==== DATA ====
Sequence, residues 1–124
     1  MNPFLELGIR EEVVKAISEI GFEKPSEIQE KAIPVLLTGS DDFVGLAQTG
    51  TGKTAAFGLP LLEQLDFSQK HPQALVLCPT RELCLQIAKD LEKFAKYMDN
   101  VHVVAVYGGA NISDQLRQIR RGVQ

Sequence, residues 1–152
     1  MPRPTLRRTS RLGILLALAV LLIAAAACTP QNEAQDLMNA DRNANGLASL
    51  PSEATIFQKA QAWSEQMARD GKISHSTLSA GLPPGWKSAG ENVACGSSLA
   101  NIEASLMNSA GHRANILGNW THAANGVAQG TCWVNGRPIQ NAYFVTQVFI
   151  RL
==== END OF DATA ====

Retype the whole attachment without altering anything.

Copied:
Sequence, residues 1–124
     1  MNPFLELGIR EEVVKAISEI GFEKPSEIQE KAIPVLLTGS DDFVGLAQTG
    51  TGKTAAFGLP LLEQLDFSQK HPQALVLCPT RELCLQIAKD LEKFAKYMDN
   101  VHVVAVYGGA NISDQLRQIR RGVQ

Sequence, residues 1–152
     1  MPRPTLRRTS RLGILLALAV LLIAAAACTP QNEAQDLMNA DRNANGLASL
    51  PSEATIFQKA QAWSEQMARD GKISHSTLSA GLPPGWKSAG ENVACGSSLA
   101  NIEASLMNSA GHRANILGNW THAANGVAQG TCWVNGRPIQ NAYFVTQVFI
   151  RL